To complete setting up the model three more parameters has to be specified. The first one is the input pump power, which should reflect the actual light power reaching the crystal, not the nominal power of the pump diode. The former can be noticeably lower due to multiple reasons such as parasitic back reflection, absorption in optical elements, partial beam clipping, etc. In the presented example the pump power is set at 1.8 W. The next parameter is the output coupler reflectivity, which can be either taken to match an existing value or a parametric run can be performed to find an optimal value for the reflectivity. The last parameter is the “round trip resonator loss” and it appears to be the most challenging to quantify. The most straightforward approach would be to add up losses from all individual optical elements such as mirrors, crystal, etc. but unfortunately the information provided by the suppliers is rather general. That can result in overestimation or underestimation of the loss and corresponding undervaluing or overvaluing of the output laser power. We recommend to use the nominal losses as a starting point and empirically adjust the “round trip resonator loss” parameter later to achieve a close match between the simulated and experimental results using a simple test setup. For example, the mirror manufacture states that their reflectivity is better than 99% and if nominal total loss of 0.05 is taken, then the ASLD software strongly underestimate the laser performance stating that the output laser power is only 0.85 W with a 10 % high reflector. If the mirror reflectivity is assumed to be 99.5 %, which corresponds to 0.025 loss, the ASLD software predicts the output laser power of 1.1 W, consistent with the experimental results. The ASLD software ASLD uses the dynamic mode analysis for power computation .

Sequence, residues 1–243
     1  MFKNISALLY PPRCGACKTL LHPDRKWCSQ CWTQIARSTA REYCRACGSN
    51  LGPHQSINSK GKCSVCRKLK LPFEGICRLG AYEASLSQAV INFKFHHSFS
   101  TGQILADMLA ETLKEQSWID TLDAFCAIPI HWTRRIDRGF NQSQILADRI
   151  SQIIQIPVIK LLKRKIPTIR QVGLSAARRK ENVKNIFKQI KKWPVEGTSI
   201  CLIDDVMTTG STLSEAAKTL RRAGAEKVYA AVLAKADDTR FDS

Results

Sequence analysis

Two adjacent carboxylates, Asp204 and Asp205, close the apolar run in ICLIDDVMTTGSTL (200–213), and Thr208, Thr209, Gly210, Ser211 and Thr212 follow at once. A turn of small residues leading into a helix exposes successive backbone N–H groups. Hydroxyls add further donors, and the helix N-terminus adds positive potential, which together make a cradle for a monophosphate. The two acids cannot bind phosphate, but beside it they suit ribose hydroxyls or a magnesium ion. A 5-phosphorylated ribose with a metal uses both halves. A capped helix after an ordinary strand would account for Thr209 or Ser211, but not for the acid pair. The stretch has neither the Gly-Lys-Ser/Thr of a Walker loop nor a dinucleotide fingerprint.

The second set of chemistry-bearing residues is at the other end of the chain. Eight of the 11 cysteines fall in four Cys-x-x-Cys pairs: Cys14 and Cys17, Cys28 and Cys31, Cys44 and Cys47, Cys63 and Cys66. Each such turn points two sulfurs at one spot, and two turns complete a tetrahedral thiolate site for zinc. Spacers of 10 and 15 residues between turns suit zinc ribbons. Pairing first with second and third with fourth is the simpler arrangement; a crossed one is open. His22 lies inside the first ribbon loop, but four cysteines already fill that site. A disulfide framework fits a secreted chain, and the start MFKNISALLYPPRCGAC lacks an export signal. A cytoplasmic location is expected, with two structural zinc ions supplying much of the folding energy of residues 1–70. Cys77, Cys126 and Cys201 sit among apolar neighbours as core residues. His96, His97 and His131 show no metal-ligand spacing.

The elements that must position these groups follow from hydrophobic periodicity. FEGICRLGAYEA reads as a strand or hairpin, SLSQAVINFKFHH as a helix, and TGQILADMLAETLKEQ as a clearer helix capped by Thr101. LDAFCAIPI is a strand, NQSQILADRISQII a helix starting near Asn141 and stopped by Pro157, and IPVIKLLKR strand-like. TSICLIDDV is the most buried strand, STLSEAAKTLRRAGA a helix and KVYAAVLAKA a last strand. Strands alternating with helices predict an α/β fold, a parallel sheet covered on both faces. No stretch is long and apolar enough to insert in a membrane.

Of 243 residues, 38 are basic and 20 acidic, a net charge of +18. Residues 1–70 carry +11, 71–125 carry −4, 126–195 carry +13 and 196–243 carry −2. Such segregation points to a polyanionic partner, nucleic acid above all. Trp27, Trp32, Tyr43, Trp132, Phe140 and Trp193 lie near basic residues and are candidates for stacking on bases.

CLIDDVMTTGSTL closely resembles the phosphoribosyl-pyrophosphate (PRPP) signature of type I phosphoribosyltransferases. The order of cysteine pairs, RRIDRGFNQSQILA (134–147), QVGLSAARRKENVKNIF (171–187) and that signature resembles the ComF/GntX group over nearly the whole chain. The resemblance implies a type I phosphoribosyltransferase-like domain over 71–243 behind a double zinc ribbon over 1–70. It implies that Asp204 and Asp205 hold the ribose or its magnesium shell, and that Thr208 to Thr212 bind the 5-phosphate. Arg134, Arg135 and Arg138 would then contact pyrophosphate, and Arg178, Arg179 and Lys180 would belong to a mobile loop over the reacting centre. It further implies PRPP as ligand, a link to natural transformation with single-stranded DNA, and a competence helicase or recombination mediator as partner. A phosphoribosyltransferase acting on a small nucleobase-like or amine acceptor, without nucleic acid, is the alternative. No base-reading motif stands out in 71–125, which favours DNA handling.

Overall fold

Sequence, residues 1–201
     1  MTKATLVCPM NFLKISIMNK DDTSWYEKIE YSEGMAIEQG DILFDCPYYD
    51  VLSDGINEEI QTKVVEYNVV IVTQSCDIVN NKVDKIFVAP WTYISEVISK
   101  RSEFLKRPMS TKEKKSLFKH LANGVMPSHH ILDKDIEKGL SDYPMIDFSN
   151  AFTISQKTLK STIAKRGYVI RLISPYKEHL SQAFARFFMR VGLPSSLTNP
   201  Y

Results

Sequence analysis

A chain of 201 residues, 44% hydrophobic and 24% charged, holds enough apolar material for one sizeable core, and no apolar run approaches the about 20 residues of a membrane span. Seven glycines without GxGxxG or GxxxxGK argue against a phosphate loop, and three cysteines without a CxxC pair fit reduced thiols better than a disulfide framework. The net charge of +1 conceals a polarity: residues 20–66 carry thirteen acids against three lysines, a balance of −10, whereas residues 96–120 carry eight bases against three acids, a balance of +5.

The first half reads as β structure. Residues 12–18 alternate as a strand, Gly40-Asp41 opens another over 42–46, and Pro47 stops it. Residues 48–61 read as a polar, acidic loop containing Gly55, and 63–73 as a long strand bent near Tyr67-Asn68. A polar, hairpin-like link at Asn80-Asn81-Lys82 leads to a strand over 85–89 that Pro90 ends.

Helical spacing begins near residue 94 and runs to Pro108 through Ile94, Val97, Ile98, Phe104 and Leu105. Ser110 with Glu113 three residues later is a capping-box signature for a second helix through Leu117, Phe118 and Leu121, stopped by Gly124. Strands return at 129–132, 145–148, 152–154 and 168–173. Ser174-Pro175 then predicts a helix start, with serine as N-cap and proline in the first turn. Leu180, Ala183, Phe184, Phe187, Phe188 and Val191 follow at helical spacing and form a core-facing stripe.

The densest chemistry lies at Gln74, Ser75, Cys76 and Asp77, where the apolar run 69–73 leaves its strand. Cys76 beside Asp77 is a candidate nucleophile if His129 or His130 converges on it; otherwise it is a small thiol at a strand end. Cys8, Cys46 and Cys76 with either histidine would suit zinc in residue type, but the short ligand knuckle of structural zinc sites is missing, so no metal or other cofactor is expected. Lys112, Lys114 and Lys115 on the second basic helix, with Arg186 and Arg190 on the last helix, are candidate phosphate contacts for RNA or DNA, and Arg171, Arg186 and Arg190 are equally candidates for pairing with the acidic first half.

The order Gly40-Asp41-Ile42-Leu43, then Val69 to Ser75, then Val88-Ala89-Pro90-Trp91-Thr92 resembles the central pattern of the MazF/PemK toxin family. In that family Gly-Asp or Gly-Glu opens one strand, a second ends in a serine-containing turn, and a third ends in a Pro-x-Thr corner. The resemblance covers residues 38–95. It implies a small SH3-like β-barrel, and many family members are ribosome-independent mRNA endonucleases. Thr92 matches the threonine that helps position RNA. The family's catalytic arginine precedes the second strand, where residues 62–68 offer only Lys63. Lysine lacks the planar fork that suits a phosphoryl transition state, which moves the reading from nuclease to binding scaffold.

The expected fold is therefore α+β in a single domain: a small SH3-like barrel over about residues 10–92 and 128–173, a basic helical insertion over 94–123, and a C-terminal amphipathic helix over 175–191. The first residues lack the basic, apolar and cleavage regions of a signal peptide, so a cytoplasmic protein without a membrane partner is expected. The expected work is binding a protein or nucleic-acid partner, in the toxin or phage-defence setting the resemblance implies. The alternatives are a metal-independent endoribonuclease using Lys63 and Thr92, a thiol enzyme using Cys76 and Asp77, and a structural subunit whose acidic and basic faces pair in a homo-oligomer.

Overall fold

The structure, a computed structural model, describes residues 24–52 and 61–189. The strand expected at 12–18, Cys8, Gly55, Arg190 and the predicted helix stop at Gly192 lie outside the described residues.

In addition to estimation of the output laser power, the developed model also allows an easy analysis of the resonator mode sizes in the crystal and on the output coupler. Since the laser operates very close to the stability boundary (Fig. 6) understanding how the beam size changes when either of the optical component is being displaced may be very important for a number of applications. Although such a displacement may not significantly affect the output laser power (unless the laser goes into the unstable regime) it will strongly change the laser fluence / intensity within the crystal and on the output coupler. The latter (fluence) becomes the key parameter in designing a stable mode-locked ultrafast laser oscillator based on the semiconductor saturable absorber technique if the ordinary output coupler is replaced with a semiconductor saturable absorber output coupler . Depending on the inter-cavity laser beam fluence, which is primarily controlled via the mode size, the laser can be operating in the continuous wave (cw), Q-switch mode-locking, or cw mode-locking modes. In this case the model becomes an essential element not only during the design phase but also for the experimental work if the laser behavior deviated from the desired one.
Incorporation of laser modeling software such as the ASLD tool into the educational process can strongly enhance the student learning experience. On the fundamental levels the modeling can assist the lecturer in explanation and demonstration of various concepts of laser physics. It can be an indispensable tool for demonstration of design tradeoffs, which is usually not a simple task from the experimental perspective. But primarily, the ASLD software can be used to develop customized practical laser trainings that will accommodate technical and financial capabilities of the educational institute.
The author, Ilya Alexeev, acknowledges the support from the Erlangen Graduate School in Advanced Optical Technologies (SAOT) in preparation and publication of this proceeding.